Henry II had died from that infection in 1559, and the crown had passed to his young son François II. François was only 15 years old and was married to the 16-year-old Mary, Queen of Scots, giving her very pro-Rome family of the House of Guise an enormous amount of power.
In 1560, a group of disgruntled Protestant nobles led by Jean du Barry, seigneur de la Renaudie, tried to abduct François II and eliminate the Guise and thus Roman influence over the French throne. The royal forces discovered the plot, and arrested and executed hundreds who were suspected of being involved. François II died later that year anyway, the crown passed to his 10-year-old brother Charles IX, and Mary returned home to Scotland. Four years later she married her first cousin, and three years after that his home was destroyed in an explosion and he was found murdered in the garden.
Catherine de' Medici, ruling as regent until her son Charles IX reached 16, was Catholic. But the royalty was losing power compared to the private armies of the House of Guise on the Catholic side and the Protestant nobility on the other. Catherine dealt with the Protestant House of Bourbon to counteract the too-powerful House of Guise.
The government issued the Edict of Saint-Germain in January of 1562, allowing Protestants to worship privately within town and also enraging the House of Guise. A group of Guise retainers attacked a Calvinist service in Vassy-sur-Blaise, killing the worshipers and most of the residents of the town. That led to open hostility, with military forces fighting in the name of the King besieging cities seized by Protestant forces.
Catherine negotiated the truce formalized by the Edict of Amboise in 1563, which (at least on paper) granted rights to the Protestants, but was largely ignored. There were more military battles, and civilian massacres, and years of what was basically civil war with a religious basis, until the mid 1590s.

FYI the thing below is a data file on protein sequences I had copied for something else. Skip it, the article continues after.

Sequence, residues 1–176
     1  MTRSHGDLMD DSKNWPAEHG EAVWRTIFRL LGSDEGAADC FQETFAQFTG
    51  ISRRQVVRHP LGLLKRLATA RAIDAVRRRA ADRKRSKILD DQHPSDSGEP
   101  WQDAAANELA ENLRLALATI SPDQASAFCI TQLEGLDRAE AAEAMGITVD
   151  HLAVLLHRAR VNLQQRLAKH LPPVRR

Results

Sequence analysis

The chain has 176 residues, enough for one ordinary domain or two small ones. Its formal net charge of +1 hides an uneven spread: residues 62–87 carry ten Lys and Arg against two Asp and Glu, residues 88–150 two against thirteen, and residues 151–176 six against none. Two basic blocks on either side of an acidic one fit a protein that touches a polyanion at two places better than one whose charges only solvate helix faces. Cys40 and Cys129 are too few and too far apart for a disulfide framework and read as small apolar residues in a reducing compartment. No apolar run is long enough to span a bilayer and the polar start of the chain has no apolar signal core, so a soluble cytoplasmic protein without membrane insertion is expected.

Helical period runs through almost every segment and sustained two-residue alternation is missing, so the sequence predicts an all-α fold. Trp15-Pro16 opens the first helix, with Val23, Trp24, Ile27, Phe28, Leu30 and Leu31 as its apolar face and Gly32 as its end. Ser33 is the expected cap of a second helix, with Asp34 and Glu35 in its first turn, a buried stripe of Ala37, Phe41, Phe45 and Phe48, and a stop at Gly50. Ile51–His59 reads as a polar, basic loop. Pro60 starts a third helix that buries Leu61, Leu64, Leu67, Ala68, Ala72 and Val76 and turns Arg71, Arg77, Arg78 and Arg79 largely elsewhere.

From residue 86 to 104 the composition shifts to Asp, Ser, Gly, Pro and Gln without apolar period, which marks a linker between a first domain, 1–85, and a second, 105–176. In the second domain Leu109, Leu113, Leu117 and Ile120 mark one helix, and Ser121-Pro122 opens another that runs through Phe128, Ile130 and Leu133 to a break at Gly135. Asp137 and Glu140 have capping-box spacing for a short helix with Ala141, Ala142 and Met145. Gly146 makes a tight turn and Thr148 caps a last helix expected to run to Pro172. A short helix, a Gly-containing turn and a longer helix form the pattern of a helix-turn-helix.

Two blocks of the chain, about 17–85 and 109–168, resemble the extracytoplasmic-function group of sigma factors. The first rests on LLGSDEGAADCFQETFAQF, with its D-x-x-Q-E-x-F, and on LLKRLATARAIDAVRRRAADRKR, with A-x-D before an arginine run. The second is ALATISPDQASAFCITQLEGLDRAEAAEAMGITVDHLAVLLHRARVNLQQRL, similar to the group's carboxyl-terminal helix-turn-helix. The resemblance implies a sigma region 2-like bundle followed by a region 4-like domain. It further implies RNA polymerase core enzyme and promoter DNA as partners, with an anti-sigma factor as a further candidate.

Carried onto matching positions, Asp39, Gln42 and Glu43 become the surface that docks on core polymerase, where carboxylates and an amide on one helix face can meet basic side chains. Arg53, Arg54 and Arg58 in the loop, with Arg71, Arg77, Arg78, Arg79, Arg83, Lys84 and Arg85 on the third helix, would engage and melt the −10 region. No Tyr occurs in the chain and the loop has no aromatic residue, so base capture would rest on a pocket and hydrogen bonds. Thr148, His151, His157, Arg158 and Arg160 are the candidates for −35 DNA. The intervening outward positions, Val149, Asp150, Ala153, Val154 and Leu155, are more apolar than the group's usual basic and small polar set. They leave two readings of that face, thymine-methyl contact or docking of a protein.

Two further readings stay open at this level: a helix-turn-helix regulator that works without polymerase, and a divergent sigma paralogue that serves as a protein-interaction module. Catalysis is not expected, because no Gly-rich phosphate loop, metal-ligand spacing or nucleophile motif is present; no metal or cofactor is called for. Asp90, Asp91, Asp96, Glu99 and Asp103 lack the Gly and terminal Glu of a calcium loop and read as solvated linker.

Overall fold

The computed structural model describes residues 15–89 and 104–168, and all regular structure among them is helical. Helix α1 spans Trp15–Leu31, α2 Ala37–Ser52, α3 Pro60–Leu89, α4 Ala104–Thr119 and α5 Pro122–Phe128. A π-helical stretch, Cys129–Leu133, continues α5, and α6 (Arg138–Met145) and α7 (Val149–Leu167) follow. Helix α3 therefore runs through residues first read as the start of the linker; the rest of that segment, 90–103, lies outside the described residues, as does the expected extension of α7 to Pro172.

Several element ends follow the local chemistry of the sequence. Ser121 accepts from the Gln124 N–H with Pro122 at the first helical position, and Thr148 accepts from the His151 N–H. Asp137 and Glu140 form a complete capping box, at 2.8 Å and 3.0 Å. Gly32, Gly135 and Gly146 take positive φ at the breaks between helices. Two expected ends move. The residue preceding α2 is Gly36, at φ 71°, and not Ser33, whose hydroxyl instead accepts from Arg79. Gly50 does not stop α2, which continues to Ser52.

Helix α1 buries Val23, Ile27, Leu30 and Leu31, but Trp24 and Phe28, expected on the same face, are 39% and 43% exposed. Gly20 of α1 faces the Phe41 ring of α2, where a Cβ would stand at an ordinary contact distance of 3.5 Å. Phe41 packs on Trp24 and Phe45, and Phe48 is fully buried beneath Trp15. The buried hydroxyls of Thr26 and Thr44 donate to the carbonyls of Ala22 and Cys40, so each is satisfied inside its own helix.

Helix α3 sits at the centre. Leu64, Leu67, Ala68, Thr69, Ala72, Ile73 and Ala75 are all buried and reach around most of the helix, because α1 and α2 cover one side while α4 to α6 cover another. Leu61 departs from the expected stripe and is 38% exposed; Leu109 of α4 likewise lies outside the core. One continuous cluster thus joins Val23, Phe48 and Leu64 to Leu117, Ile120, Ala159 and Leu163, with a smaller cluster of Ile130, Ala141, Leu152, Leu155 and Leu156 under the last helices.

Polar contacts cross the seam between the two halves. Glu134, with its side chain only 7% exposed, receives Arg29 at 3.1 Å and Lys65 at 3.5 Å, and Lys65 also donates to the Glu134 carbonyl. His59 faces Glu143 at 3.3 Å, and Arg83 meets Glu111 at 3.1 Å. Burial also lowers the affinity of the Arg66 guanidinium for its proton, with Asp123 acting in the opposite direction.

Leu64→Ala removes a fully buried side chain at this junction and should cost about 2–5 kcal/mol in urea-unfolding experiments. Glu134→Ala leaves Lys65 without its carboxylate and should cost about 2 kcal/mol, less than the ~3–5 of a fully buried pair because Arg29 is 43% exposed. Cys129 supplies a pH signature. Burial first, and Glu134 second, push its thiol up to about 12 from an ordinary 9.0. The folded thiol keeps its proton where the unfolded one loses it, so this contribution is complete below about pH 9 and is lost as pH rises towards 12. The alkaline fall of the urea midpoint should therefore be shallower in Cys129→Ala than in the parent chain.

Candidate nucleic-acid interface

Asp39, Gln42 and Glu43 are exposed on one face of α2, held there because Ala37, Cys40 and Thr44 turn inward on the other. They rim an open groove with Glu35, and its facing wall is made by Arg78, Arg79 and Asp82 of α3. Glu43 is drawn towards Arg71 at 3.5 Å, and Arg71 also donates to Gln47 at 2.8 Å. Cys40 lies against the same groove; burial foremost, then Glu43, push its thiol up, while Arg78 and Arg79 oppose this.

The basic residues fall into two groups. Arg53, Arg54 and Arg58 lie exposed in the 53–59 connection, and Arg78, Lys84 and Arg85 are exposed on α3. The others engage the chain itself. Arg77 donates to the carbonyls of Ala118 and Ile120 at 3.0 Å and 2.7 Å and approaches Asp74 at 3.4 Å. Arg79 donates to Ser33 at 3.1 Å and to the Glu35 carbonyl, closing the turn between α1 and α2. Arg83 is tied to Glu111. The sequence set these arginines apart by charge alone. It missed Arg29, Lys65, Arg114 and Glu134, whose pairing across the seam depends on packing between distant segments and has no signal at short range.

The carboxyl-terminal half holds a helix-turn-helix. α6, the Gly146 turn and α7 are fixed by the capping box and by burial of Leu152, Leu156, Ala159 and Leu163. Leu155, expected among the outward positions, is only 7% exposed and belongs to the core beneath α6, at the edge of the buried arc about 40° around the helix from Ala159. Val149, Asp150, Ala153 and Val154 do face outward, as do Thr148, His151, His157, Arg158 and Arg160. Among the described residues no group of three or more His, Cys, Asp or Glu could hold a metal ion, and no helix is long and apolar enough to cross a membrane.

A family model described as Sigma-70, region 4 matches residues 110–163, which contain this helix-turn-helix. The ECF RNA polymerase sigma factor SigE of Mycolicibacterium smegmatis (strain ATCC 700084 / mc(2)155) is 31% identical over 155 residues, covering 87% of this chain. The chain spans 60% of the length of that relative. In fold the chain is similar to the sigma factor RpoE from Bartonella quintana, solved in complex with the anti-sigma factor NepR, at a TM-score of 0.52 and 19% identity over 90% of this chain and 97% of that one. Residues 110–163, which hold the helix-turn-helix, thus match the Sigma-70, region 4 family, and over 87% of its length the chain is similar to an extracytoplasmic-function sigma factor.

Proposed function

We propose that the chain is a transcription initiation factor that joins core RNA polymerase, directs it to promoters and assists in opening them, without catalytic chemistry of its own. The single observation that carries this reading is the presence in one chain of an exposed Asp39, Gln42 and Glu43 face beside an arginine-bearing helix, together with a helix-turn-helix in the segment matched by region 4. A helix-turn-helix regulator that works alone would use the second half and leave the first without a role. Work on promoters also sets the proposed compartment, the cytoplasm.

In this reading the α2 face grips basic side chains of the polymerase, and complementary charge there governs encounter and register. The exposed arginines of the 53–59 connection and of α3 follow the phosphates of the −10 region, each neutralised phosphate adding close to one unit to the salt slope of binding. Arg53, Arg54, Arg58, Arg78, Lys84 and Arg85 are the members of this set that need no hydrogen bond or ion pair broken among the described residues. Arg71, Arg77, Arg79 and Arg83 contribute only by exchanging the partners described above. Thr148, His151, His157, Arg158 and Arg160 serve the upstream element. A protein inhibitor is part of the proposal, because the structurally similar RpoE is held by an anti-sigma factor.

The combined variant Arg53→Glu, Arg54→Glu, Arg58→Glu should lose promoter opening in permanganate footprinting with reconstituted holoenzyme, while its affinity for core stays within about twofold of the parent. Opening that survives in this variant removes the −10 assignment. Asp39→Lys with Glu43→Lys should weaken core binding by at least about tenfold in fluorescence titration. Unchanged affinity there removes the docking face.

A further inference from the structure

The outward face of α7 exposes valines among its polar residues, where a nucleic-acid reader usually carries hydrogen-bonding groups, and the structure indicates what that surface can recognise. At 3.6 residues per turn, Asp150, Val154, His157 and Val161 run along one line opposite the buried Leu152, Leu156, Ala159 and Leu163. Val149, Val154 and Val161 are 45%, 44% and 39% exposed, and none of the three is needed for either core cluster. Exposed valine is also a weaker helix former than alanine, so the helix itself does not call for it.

We will stop in Montsoreau to get dinner on our way back from days spent upriver or east of Saumur. It's a small town near where the Vienne river joins the Loire.
Montsoreau was mentioned in written sources in the 6th century, and there had been a Gallo-Roman settlement here before that. Eudes I, the Count of Blois, built a fortification here in 990. It was absorbed into the Anjou realm based to the north in 1001.
The construction of the fortress led to a market town that became prosperous. It was a busy river port, trading in the wines from Chinon and Poitou, and wheat from Loudunais. Its population included artisans, fishermen, and winemakers, and it has never exceeded 600 people except during the early 1800s when it jumped to over 1,000 due to a boom in the local limestone. The local specialty stone, very soft and easily worked, was mostly depleted within 25 years. The stoneworkers left, and the population dropped back to about 600. Now there are about 450 people in Montsoreau.
The Château de Montsoreau, seen below along the road passing through the town's riverfront, was built in 1455. The châteaux or castles were transitioning from military fortresses to stately pleasure domes. The large windows made for a pleasant interior while reducing defensive strength. The large increase in the number of chimneys meant that the interior could be kept at a higher temperature more comfortable for the civilians. The castle was built right on the bank of the Loire at the base of the hillside leading up to the vineyards and sunflower fields we saw above.
Alexander Dumas' novel La Dame de Monsoreau is set here. Written in 1845-1846, the novel is the middle of a trilogy starting with Reine Margot and ending with Les Quarante-cinq.
After dinner we will follow the setting sun back to Saumur.
Finally, to Montreuil-Bellay,
Next ❯ Val-de-Loire